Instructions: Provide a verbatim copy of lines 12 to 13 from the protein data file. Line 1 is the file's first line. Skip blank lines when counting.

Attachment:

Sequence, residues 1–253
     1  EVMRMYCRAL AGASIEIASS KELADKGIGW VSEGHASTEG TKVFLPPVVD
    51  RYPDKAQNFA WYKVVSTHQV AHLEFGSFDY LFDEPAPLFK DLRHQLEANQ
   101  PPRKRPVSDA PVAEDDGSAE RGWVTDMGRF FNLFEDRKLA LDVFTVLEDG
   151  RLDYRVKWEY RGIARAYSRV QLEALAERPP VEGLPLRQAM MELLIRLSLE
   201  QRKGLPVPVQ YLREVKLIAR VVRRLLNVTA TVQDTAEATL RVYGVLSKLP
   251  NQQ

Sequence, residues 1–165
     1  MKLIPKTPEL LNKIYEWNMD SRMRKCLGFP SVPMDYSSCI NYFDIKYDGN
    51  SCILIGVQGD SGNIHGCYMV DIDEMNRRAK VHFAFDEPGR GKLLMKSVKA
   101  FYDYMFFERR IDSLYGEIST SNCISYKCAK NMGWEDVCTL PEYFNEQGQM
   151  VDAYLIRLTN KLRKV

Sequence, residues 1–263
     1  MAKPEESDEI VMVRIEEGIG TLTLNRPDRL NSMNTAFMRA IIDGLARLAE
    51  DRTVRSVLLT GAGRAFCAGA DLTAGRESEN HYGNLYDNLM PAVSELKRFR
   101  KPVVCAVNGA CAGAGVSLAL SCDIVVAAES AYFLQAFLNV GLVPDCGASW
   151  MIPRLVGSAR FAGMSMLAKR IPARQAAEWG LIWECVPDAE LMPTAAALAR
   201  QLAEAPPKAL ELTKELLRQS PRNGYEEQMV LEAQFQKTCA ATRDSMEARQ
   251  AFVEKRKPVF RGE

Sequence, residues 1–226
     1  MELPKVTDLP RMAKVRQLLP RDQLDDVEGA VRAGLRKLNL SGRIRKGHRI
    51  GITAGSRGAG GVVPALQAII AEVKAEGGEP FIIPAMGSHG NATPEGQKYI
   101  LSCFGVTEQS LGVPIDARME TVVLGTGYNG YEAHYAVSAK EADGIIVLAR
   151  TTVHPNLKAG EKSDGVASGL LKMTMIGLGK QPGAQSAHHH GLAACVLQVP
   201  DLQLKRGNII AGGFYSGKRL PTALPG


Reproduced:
   151  VDAYLIRLTN KLRKV

Sequence, residues 1–263